The 2019 Word of the Year Is ‘They’, Here’s Why That’s So Important For LGBT+ People

Every year, Merriam-Webster picks a word that had a big impact.

Every year, dictionary company Merriam-Webster releases a ‘word of the year’. This is a word that stands out over 12 months, and one that has a huge impact on the world around us.

This year, the word is ‘They’. This word is proving so popular because of non-binary people and increased awareness from people in general.

Non-binary, or gender-neutral refers to people whose gender identity is not exclusively male or female.

While people have been non-binary since the beginning of time, this year saw high-profile celebs talk more openly about their gender identity.

Singer Sam Smith revealed that they identify as non-binary in a statement earlier this year, in which they said: “Today is a good day so here goes. I’ve decided I am changing my pronouns to THEY/THEM after a lifetime of being at war with my gender I’ve decided to embrace myself for who I am, inside and out.”


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Queer Eye star Jonathan Van Ness also came out as non-binary, saying: “The older I get, the more I think that I’m nonbinary — I’m gender non-conforming. Like, some days I feel like a man, but then other days I feel like a woman. I don’t really — I think my energies are really all over the place. Any opportunity I have to break down stereotypes of the binary, I am down for it, I’m here for it. I think that a lot of times gender is used to separate and divide,” he told Out.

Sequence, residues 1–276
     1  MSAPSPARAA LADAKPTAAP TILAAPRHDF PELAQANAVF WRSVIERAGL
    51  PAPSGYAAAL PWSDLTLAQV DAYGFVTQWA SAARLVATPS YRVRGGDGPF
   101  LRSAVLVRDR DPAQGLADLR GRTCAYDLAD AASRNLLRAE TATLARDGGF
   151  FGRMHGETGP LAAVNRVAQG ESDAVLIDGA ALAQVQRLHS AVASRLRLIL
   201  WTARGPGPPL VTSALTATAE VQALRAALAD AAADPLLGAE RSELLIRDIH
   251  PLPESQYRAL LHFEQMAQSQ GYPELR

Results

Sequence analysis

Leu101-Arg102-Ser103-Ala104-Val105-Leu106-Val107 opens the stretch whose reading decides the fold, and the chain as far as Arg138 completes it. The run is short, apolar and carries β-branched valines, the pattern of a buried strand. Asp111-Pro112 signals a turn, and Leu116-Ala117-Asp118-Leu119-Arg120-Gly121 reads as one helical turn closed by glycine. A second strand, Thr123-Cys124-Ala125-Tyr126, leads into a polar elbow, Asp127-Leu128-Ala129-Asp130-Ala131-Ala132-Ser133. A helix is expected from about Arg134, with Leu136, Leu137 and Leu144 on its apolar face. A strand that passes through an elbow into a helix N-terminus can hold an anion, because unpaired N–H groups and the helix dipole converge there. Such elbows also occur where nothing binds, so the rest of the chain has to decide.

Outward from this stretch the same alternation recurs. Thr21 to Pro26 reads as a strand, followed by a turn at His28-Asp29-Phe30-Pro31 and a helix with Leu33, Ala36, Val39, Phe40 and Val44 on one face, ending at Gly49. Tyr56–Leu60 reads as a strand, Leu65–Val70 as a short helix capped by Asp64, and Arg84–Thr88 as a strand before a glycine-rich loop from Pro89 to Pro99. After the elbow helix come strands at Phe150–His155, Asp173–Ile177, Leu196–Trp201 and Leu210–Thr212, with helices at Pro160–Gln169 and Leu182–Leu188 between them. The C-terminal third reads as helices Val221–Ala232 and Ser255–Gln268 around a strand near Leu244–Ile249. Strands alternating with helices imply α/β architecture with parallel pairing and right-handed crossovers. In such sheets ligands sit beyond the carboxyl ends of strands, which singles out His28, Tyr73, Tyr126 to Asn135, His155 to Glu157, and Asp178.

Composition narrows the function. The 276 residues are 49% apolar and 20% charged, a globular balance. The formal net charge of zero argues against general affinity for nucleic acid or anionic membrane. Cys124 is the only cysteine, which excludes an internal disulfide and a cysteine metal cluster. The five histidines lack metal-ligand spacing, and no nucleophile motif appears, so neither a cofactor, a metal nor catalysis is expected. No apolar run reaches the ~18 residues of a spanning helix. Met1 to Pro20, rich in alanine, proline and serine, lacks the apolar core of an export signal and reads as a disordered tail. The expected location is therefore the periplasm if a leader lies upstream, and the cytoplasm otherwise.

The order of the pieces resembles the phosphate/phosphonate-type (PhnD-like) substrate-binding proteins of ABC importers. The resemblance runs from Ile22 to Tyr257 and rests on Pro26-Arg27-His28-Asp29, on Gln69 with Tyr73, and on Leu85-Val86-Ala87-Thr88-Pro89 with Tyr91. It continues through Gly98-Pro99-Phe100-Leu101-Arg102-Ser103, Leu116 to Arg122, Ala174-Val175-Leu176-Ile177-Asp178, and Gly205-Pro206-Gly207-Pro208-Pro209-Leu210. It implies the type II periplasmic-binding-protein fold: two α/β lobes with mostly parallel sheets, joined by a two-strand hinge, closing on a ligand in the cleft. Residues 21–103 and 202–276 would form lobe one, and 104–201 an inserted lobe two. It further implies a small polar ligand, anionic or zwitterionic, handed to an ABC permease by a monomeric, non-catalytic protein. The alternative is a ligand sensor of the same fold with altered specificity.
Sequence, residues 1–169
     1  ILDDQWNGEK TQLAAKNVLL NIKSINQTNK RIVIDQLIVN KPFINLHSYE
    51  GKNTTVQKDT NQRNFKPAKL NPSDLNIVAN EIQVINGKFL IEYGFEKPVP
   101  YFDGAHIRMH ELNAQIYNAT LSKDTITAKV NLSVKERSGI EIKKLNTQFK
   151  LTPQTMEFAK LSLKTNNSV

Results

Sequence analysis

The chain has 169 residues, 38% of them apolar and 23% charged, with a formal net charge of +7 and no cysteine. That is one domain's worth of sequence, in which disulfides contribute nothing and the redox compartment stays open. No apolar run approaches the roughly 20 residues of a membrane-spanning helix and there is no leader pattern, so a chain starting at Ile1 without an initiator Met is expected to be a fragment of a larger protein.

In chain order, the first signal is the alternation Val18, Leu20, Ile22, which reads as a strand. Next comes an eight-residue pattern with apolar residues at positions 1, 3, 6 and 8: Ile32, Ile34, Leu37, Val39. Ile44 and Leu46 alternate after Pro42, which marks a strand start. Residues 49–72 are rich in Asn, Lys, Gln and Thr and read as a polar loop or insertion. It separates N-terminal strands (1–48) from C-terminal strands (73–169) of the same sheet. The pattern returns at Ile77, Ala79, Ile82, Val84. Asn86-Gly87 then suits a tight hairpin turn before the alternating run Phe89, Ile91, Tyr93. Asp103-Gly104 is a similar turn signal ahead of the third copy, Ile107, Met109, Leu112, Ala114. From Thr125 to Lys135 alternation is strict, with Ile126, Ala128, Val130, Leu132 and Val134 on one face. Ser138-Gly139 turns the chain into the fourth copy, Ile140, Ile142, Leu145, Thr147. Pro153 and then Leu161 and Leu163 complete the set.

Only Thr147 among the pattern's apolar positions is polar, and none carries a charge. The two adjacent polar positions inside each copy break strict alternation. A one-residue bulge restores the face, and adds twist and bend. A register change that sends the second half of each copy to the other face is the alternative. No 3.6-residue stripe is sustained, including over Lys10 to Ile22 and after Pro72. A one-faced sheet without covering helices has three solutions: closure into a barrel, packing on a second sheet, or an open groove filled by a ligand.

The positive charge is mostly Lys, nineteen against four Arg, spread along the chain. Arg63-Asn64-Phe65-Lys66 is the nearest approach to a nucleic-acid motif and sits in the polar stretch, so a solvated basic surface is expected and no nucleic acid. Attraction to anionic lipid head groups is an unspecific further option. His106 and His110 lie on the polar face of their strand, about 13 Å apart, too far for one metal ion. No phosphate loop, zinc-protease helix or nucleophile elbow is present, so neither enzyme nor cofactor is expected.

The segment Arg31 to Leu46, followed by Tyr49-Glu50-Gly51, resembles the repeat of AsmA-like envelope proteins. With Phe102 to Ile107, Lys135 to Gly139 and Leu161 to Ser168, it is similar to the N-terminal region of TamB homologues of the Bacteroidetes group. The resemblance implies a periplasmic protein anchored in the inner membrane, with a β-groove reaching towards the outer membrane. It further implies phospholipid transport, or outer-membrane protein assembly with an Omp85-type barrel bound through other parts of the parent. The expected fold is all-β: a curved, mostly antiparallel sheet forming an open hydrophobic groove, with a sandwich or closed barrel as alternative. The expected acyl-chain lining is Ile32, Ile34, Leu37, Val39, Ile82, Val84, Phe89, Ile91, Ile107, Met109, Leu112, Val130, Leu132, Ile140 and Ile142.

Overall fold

Some gender-neutral people don’t mind the use of he or she alongside the ‘they’ pronoun, but it totally depends on each person.

So, with stars like these coming out and speaking openly about their gender identity, along with many other factors, searches for ‘they’ increased in 2019 by 313% over the previous year.

This is so important and positive for many reasons. It helps to increase awareness and understand by all people, which hopefully means more acceptance for those who are non-binary.

Nick Adams, director of transgender representation at GLAAD, who is a transgender man himself told GMA: “Merriam-Webster’s choice is the latest example of the growing awareness and acceptance of the fact that gender is not binary.”

And while this is a very good thing, he added that there’s still so much to be done: “but there is a long road ahead before language, policy, and culture are completely affirming and inclusive.”

Explaining the importance of using the correct pronouns, he said: “[it’s] simply respectful, just like using their name.”

If you’d like to know more about LGBT+ terms, check out our guide here.

If you’d like more information or advice about LGBT+, you can visit